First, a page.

Food sources of this vitamin include animal based food such as cottage cheese, ground beef, and eggs. Here is a link to an excellent chart found on the Dietitians of Canada website:

A supplement can also be taken if your preference of food sources still do not provide a high enough dosage. I personally have taken a supplement for a couple of years.

I hope I have inspired you with this information I have presented. I trust that you will do your own research and take the necessary steps to getting the nutrients that will help you beat S.A.D.

Be sure to watch for Part Three next Saturday.





Tips for Beating Seasonal Affective Disorder (S.A.D.) – Part One

Do you feel hopeless, lethargic, and agitated? Are you eating and sleeping a lot more than usual? All of these are symptoms of depression, but if you only have these symptoms during the winter or these symptoms intensify during the winter, you may be suffering from Seasonal Affective Disorder (S.A.D.). The Mayo Clinic defines it this way:

“Seasonal affective disorder (SAD) is a type of depression that’s related to changes in seasons — SAD begins and ends at about the same times every year. If you’re like most people with SAD, your symptoms start in the fall and continue into the winter months, sapping your energy and making you feel moody.”

While I have never been formally diagnosed with this, I have sought advice and assistance in this area from my family doctor. If you are struggling with symptoms of depression, I encourage you to seek professional help. You may need medication and specialized therapy. This article is not intended to replace that, but simply to share tips on how I have learned to cope.

Tips for Beating for Seasonal Affective Disorder

This is Part One of a series of articles on my top five tips to beating S.A.D. So here is my first tip:

Get Outside

When it is cold and snowy outdoors it can be tempting to stay inside where it is warm and cozy. Getting dressed in the required outerwear can seem like a chore, and much of that outerwear can feel cumbersome and restricting. However, getting outside is a crucial part of dealing with S.A.D. Here are three reasons why:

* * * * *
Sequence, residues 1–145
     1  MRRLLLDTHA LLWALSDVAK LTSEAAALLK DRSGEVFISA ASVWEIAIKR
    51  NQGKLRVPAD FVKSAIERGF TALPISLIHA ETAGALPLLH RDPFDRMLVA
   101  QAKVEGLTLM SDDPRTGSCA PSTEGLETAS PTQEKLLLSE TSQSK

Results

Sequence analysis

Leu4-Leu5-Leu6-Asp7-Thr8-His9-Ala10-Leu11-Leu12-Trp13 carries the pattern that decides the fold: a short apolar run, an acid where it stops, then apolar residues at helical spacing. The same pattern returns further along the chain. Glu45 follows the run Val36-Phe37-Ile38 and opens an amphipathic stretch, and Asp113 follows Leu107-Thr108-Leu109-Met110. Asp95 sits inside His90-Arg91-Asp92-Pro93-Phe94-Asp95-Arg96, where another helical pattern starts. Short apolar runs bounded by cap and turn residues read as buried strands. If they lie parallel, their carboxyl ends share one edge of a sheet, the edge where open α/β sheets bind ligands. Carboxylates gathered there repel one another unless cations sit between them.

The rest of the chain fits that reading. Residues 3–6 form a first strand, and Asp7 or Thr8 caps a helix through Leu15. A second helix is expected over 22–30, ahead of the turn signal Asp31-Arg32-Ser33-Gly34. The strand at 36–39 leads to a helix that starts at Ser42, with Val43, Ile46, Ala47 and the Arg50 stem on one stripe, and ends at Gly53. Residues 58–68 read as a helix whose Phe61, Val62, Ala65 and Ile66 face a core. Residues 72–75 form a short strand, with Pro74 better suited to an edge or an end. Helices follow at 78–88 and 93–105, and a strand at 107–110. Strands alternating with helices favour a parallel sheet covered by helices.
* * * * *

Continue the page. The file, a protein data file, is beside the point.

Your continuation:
You get active

Let’s be honest, you are not likely to go outside in the cold to just sit and relax! Staying warm requires some kind of movement, and movement is an important part of good health. It has many benefits from combating diseases to increasing energy levels. This is a great opportunity to try some winter sports activities. The list of winter sports is endless, but here are just a few I have found enjoyable: cross-country skiing, snowshoeing, ice skating, and hiking. Even something as simple as taking a scenic walk or building a snowman can be enjoyable and provide exercise at the same time.

Outdoor activities such as snowshoeing help to beat S.A.D.

You get fresh air

Step outside and take a deep breath of fresh air. What do you feel? Doing this always seems to clear my mind. Perhaps because it increases my oxygen levels which is an important part of maintaining overall good health and especially important for the brain. Oxygen is vital to the brain. According to National Association for Child Development, “Brain cells are very sensitive to decreases in oxygen levels and don’t survive or function well very long without it.” Our oxygen levels are so important, they are considered vital signs by the medical field. No wonder we feel sluggish during the winter when we are all inside with the windows closed and the heat turned up!

You get sunlight

One of the main causes of S.A.D. is a shortage of vitamin D which humans produce when exposed to sunlight. For those of us who live in the north, the nights can seem never ending and the time frame for getting sunlight is much shorter. It can be dark when we leave home in the morning and dark when we return. It might take a little planning, but setting aside a half hour each day to be exposed to sunlight is an important step in fighting S.A.D. If it is almost impossible to find this time or on stormy days when the sun is not shining, light therapy can be used instead. I purchased a light box several years ago and have found it to be extremely helpful. More information visit the Mayo Clinic website here:

light therapy box
My Light Therapy Box

One of my favourite reasons for going outside in the winter is the happy feeling I have when returning indoors. If I am feeling restless and “housebound,” I go outside even for a short walk. After feeling the bitter cold on my face, I can’t wait to get back indoors! Back inside, I am ready to get cozy and settle in. This is true even in the dark when I can often be found pacing back and forth on my balcony!